The King of Navarre and three of his lords make a pact to swear off women for three years and devote themselves to study. What happens, then, when the Princess of France and her entourage of ladies arrive with urgent business for the King? Will the men keep their sworn oaths to be pure in mind and body, or will the women force them to break their vows and embrace romance? With colorful characters, misdirected love letters, secret affairs, and ridiculous disguises, LOVE'S LABOUR'S LOST is a giddy and sweet celebration of falling in love.
Shakespeare's play, believed to have been written about 1597 for a commissioned court performance, satirizes different historical figures of the day and features the Bard at perhaps his most word-playful. As the play has aged, it's lost the connection to the period personalities upon which it's based; and it is embraced now as more of a curiosity. Although the plot is wafer-thin, the characters are fun and the language rich. For our production, we've made some edits and "improvements," as some of the jokes and wordplay have not stood the test of time; but in its original format, the play includes Shakespeare's longest single speech, his longest scene, and the longest word in the canon: "honorificabilitudinitatibus," spoken beautifully in our production by junior Abby Myers.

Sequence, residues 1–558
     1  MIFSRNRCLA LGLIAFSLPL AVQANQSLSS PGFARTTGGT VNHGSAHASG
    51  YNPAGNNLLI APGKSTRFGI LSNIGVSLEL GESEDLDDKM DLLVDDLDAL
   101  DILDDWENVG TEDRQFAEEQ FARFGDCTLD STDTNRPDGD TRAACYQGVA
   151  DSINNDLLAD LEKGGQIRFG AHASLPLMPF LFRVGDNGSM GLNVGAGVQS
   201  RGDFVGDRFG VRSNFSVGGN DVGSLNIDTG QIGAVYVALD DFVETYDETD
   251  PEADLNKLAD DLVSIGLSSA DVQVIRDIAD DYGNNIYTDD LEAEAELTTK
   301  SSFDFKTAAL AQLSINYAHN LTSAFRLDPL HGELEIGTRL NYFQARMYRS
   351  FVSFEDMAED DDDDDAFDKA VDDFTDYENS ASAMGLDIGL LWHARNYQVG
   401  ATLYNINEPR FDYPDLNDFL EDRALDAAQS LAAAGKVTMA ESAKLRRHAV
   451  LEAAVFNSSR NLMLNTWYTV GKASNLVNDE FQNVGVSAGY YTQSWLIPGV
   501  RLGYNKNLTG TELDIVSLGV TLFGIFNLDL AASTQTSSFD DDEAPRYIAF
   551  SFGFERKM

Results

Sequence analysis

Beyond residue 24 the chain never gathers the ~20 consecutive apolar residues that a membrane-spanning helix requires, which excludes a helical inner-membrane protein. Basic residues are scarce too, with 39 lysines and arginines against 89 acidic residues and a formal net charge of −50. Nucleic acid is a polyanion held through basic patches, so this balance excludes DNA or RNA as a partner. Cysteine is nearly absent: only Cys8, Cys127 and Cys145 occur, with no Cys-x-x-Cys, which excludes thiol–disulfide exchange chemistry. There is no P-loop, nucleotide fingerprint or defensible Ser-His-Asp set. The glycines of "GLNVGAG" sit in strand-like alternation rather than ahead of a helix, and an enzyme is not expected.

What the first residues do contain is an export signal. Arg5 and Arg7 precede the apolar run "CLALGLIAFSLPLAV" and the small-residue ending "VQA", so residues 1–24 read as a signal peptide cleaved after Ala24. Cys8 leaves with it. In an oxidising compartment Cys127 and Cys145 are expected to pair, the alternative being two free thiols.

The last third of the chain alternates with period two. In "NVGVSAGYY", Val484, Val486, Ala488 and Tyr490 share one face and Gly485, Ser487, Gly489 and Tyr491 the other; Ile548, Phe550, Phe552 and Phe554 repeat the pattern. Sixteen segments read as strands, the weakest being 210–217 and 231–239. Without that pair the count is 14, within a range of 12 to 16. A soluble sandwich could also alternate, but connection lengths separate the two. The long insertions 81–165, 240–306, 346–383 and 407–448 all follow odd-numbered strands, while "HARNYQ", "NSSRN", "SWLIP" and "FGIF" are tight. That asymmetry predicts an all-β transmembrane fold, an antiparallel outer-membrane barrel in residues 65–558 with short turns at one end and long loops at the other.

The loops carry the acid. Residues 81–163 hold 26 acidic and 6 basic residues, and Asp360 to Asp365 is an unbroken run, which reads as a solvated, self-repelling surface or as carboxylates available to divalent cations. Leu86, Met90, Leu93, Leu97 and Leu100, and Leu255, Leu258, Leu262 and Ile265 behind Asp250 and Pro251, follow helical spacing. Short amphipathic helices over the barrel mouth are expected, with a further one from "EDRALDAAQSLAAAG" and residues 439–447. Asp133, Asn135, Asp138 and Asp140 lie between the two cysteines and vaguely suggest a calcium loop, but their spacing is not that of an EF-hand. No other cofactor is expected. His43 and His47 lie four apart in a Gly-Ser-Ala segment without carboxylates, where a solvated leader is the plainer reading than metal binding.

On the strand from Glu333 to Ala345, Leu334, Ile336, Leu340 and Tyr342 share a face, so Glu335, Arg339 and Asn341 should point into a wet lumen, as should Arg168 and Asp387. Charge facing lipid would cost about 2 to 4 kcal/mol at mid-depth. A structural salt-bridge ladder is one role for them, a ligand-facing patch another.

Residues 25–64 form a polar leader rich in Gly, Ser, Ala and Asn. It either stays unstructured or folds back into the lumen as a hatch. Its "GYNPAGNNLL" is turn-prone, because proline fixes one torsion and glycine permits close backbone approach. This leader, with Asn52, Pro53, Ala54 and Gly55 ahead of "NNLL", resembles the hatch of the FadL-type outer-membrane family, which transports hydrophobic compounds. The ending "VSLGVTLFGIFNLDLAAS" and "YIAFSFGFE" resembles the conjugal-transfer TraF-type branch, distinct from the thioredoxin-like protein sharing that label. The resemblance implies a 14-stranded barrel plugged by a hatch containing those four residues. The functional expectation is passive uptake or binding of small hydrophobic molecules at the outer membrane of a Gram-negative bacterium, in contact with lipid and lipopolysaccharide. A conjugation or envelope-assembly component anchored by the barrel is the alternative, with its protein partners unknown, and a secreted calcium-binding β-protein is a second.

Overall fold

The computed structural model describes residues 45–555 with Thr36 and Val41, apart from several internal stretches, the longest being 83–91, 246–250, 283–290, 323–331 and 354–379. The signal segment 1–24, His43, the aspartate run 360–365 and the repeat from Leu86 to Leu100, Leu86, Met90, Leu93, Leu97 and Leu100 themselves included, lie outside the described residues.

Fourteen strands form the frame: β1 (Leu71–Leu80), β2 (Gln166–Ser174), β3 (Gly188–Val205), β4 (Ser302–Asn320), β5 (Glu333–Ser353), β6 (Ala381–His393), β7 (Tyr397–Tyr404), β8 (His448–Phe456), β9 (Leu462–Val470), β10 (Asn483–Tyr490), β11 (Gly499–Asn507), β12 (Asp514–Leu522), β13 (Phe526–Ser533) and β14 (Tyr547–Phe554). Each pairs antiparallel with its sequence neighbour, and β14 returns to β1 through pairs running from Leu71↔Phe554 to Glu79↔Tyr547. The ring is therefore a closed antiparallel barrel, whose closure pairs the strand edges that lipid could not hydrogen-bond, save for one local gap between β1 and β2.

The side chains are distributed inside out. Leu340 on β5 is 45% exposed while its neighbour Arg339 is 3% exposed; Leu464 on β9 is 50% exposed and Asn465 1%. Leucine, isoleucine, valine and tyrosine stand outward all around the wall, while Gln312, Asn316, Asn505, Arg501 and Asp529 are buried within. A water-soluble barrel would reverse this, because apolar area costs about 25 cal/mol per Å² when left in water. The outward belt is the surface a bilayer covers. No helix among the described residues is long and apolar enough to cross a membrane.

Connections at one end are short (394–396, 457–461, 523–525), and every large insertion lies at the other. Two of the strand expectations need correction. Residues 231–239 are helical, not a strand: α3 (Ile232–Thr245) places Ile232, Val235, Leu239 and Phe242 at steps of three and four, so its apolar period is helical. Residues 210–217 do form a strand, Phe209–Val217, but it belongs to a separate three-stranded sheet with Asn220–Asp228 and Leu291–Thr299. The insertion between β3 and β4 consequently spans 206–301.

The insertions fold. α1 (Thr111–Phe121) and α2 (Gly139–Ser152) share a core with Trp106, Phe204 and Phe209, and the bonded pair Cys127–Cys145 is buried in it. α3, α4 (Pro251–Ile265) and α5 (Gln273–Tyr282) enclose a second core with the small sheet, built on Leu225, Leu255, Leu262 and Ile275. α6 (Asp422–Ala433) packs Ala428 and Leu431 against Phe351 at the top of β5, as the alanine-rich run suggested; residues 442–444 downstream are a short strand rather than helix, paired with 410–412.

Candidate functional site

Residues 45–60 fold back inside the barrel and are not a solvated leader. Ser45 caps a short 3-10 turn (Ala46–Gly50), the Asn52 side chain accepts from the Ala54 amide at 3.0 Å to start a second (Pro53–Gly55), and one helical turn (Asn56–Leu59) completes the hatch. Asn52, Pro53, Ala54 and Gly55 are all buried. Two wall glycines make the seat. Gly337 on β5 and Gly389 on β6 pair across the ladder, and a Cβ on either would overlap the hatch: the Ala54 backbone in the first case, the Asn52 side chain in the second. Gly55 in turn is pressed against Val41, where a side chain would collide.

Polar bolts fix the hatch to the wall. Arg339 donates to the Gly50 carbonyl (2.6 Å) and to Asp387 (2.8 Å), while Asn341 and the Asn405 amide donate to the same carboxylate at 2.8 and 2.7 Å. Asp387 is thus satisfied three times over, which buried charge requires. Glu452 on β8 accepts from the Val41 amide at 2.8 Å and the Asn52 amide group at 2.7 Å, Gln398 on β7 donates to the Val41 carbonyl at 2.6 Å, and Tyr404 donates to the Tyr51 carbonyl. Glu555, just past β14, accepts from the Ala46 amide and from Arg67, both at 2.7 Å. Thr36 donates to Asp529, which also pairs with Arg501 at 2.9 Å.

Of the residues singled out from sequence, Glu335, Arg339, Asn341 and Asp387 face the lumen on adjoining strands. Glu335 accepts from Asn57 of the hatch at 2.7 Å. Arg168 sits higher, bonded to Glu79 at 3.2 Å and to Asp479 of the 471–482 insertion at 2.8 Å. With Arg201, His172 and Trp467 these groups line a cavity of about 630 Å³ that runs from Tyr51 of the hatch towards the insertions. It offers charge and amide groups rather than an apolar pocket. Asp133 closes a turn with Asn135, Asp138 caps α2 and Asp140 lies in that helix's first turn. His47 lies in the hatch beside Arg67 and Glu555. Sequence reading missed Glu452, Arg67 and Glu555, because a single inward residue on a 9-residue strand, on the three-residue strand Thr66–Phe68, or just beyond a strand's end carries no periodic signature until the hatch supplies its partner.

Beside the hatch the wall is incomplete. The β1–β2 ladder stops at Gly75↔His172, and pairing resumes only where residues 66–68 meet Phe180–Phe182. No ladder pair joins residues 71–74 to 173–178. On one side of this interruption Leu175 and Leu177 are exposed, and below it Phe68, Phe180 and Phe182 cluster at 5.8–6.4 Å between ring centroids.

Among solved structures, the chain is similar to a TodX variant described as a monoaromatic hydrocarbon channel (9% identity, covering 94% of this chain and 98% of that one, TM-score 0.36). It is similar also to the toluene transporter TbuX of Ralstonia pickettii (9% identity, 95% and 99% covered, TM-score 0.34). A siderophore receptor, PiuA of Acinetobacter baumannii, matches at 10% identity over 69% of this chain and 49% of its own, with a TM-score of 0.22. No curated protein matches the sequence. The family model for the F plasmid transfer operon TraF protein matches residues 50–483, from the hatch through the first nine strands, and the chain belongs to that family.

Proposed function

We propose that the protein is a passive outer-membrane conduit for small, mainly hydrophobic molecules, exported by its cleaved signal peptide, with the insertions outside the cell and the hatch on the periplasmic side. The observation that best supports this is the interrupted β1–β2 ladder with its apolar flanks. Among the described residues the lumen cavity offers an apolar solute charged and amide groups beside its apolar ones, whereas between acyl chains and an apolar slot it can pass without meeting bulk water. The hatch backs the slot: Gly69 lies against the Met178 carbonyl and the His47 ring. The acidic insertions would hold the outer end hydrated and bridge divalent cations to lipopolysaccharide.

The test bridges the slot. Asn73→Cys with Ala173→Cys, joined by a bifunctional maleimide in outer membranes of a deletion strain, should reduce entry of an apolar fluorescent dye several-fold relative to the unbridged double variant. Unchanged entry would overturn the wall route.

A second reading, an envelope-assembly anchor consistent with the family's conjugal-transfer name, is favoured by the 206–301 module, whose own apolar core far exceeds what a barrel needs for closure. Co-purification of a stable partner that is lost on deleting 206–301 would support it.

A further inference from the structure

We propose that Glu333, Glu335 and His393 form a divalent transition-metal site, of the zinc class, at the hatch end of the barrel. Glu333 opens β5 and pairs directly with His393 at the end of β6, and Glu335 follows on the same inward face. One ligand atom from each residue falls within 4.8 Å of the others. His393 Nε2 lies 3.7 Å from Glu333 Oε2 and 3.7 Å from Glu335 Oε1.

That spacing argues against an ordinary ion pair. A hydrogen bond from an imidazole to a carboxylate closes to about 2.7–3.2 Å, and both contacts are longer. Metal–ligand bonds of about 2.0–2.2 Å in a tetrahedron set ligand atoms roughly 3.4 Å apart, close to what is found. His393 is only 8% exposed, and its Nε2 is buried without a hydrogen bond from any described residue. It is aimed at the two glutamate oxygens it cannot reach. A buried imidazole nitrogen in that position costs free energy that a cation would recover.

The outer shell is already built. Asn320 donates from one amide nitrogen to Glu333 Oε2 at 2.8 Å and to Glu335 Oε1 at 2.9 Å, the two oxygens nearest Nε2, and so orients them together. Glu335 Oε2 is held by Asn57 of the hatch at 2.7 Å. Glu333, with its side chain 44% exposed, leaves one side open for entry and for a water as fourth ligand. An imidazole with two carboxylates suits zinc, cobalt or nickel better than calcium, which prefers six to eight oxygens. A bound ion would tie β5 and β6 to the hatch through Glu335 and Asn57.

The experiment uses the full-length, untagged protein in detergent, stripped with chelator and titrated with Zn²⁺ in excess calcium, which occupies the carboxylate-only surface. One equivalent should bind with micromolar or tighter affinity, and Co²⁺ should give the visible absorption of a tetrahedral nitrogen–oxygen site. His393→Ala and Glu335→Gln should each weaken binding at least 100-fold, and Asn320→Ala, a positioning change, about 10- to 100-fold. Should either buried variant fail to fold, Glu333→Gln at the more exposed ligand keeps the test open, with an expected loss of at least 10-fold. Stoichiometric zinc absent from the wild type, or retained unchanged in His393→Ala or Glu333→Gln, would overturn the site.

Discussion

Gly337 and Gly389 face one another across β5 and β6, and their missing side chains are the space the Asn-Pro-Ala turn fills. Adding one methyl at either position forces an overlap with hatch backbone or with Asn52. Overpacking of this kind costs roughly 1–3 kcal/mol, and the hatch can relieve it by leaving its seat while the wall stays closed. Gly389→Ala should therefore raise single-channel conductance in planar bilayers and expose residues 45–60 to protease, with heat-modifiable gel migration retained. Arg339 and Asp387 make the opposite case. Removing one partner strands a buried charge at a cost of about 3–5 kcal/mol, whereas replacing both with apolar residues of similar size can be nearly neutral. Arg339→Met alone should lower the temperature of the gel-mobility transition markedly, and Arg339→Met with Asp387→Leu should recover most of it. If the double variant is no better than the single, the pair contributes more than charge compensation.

LOVE'S LABOUR'S LOST features the talents of Colleen Daly, Katie Davidson, Elizabeth Downs, Bryce Elmore, Ruffin Henry, Julianna Holley, Shinwoo Kim, Joanna Moody, Jacob Mushatt, Abby Myers, Grayson Myers, Alexandra O'Sullivan, Ethan Taylor, Isabella Torres, Steven Wagner, and Emily Weinmann. Production stage managers are Maya Cvitanovich and Caroline Fiore, with technical support from Barbie Cassavetes, Scott Freeman, Tai Suarez, Jane Fantaci, Destiny Laugand, and Miles Bellaire.
The poster for our production is the work of senior Emily Weinmann. You may remember her fabulous design for last year's Hamlet, which brought some familiar elements of her work together in a beautiful trompe l'oeil image that perfectly captured the theatricality of our production. This year, Emily is experimenting with digital design, which connects nicely with our concept of setting the production in the 1980s. Emily's use of geometric shapes, intersecting lines, repeated figures, and juxtapositions of color underscores the romantic couplings of the plot and the whimsical chaos that arises from the lovers' misunderstandings. A jpg of Emily's bold, engaging design is attached. Posters will be going up tomorrow. Please let me know if you'd like one to display.
Thursday, November 8 @ 7:00
Friday, November 9 @ 7:00
Saturday, November 10 @ 3:00
Sunday, November 11 @ 3:00
All shows are in Weinmann Auditorium. All seats are $10. Tickets are available at mpcdsloves.bpt.me
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As in the past, if you prefer to avoid the online process, we will have
paper tickets available at the door.
Thank you for your continued support of Drama at Country Day!